The first thing you notice is the number of bicycles. They’re everywhere. It’s quite hard to find a spot in Munich where you can’t see one. Right now, I’m working in a café just off the Isartorplatz, and I can see nine of them huddled around a tree. And just across the tram lines? There’s a bike shop.
We’re in town for Mobility.Pioneers, which kicks off just across the river at Muffatwerk tomorrow, so transport — and the cities of the future — are on everyone’s mind this week. But, having travelled the relatively short distance from our Vienna base, it’s also striking how different the cities of today are.
Cycles are a rare sight in Vienna, at least in the winter time. Yet here in Bavaria, just one country across from Austria, they’re being pedalled about town with gusto. And the odd spot of head-shaking, bell-tinkling fury, each time yet another clueless tourist saunters along on the bikes-only half of the pavement.
Cycling may seem a low-tech topic to discuss in the hours before our event speakers explore deep tech issues like artificial intelligence, smart traffic management and autonomous driving. But the fact is, it’s all inter-related. You can’t ignore a city’s existing transport culture when you’re thinking about its transport future. Ditto its infrastructure.
A bike, after all, is an elegant solution to city transport, and has long been so. Cities like Munich or Amsterdam, who have known this for decades, might be expected to be far more open-minded to concepts like car-sharing. Because they’re already less sold on the one-person, one-car culture than other places. The concept of a vehicle (possibly shared) as a weekend plaything should catch on far easier in these places than in, say, the south-east of England.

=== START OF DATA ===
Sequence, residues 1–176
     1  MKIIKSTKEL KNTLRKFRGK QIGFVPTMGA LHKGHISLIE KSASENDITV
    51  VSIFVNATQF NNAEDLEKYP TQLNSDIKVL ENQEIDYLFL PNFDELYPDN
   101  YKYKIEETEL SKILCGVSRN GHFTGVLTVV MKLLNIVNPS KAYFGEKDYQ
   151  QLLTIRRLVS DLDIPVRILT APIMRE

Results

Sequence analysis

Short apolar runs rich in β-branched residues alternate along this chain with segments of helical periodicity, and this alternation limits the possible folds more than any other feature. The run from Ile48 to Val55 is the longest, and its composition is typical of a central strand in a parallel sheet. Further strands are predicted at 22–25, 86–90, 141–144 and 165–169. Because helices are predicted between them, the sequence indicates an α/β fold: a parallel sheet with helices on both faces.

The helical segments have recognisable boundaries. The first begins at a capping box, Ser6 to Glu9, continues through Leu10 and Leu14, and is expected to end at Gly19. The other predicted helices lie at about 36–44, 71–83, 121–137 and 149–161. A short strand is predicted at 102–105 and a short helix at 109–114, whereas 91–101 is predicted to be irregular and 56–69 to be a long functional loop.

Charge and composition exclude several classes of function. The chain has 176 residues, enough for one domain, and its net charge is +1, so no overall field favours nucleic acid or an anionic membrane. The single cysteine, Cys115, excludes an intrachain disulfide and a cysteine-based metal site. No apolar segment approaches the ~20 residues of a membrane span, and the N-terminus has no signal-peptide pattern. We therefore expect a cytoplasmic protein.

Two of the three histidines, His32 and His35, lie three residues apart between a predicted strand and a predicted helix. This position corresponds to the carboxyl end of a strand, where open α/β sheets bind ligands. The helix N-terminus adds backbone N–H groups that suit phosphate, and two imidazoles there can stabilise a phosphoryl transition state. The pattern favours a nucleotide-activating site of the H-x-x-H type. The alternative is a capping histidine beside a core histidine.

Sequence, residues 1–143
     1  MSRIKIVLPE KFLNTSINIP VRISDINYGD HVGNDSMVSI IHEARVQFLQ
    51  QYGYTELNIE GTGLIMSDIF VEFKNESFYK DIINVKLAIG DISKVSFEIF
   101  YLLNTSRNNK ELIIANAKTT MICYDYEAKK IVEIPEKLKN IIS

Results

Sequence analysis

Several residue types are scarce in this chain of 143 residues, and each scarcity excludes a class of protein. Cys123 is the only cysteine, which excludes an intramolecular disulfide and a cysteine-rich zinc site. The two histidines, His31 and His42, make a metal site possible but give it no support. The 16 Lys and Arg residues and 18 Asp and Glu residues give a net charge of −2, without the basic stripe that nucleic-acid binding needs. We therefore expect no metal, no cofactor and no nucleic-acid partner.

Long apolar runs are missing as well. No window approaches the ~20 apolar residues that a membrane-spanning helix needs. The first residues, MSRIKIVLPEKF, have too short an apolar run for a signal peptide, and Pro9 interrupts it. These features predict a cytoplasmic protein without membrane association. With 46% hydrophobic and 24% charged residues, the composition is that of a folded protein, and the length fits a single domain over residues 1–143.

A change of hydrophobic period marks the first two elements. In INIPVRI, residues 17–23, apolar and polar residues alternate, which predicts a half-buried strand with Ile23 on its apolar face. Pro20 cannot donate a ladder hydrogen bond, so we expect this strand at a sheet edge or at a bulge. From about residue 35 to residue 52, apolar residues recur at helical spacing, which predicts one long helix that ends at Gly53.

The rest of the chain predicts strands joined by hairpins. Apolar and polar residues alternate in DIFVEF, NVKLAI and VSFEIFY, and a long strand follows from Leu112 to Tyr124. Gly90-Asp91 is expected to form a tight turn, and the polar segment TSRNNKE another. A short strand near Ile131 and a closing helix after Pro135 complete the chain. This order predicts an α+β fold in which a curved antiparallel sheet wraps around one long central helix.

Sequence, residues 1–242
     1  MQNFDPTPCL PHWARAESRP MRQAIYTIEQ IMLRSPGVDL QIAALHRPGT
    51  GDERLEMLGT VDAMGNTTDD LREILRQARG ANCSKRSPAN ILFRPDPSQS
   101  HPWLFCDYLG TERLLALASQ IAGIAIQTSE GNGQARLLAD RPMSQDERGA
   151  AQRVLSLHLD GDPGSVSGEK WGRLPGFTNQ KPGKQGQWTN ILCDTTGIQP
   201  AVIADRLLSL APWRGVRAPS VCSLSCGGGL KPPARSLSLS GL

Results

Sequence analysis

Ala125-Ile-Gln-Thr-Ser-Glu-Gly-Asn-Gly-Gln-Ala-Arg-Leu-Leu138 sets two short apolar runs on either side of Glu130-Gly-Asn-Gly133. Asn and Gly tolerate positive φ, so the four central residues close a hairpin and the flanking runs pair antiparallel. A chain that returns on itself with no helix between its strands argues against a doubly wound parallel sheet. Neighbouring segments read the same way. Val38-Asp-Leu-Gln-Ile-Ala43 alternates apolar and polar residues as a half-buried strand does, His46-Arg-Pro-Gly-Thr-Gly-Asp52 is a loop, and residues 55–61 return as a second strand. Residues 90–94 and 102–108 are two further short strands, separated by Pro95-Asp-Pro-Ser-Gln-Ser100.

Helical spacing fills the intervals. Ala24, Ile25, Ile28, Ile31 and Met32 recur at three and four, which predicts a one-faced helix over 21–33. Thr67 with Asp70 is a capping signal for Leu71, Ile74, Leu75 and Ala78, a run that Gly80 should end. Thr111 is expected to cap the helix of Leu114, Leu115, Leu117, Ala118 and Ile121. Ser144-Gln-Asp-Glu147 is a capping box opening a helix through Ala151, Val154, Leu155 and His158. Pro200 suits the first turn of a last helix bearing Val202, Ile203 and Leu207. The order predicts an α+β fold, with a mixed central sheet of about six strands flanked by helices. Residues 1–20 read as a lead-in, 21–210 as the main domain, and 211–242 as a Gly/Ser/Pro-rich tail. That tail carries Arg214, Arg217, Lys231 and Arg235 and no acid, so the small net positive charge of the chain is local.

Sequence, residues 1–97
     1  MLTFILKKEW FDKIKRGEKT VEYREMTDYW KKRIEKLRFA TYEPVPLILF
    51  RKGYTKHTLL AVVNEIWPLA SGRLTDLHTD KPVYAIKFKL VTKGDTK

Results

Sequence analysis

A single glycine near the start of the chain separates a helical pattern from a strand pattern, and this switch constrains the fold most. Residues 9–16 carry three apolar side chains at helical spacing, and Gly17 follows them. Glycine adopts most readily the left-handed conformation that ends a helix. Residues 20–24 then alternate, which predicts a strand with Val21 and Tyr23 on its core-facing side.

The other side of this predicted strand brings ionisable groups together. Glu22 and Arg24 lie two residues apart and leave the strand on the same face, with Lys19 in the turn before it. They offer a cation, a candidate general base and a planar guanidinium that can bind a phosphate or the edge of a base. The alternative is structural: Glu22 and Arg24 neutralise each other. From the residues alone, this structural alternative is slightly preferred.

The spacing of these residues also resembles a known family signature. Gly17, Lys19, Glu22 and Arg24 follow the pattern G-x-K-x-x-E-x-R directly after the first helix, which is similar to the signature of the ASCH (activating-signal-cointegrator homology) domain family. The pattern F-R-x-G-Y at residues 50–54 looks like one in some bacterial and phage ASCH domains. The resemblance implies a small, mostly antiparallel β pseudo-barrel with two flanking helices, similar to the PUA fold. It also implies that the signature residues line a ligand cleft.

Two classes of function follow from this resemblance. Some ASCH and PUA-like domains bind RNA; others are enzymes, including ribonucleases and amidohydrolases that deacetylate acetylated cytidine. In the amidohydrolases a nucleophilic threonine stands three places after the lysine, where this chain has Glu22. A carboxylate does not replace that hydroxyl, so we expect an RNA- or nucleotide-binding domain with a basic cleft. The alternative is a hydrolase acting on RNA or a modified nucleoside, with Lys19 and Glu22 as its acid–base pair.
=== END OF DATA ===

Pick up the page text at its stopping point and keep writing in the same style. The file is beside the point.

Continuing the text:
German companies are among the most-forward thinking on the topic. Mobility.Pioneers speaker Holger Weiss, of German Autolabs, uses horses (!) as an illustration on how we should think about the way we use cars in the smarter, more efficient and less congested cities of the future.
“It could be that in certain countries or metropolitan areas of the future, private car ownership is simply not allowed anymore,” he says. “Or it might be allowed 40 miles out of the city and you use the car as a weekend entertainment, to go to the country. Like it is now for riding a horse.
“And that’s my analogy. People say ‘but people like driving cars!’ and I say, ‘Well, that’s fine, but people also like riding horses.’ But we don’t have these beautiful animals filling up our cities, do we?
“It’s called innovation evolution: if there’s no private car ownership then there will be shared systems.”
Which brings me to another Munich vignette from this morning. I saw a lady emerging from a church car park on Thierstrasse, in a vehicle proudly bearing the decal of Statt Auto, which claims a partnership with the local transport authority (MVG). Maybe my eyes are particularly open to car-sharing this week, but it was nice to get so timely a reminder of the concept’s growth. As for its genesis, the talk from Zipcar founder Robin Chase at Mobility.Pioneers tomorrow is likely to be highly enlightening.
But despite the bikes and the car-sharing, Munich, with its multi-storey shop-windows stuffed with Mercedes, not to mention BMW in its blood and Audi up the Autobahn in Ingolstadt, is very much motoring central. And yet, many of its citizens, like the proverbial horse owners, aren’t using cars as their go-to transport. This is the kind of blend of technology, efficiency and common-sense that all cities are going to need going forward.
Not that it’s invariably fun and games getting around Munich when you’re a first-time visitor. Buying a weekly city transport pass from the machines at the Hackerbrücke S-Bahn station yesterday evening was far from easy. I had to join forces with two equally confused recent bus arrivals — one from Romania and one from Macedonia — to try and figure out the multitude of ticket options, zones and routes. Unable to convince the machine to sell us a ticket for Zone 1 only, and with no human official in sight to ask for help, we eventually gave up and rode ticketless.
Next time I’m going to think like a Münchner. I’m going to bring my bicycle.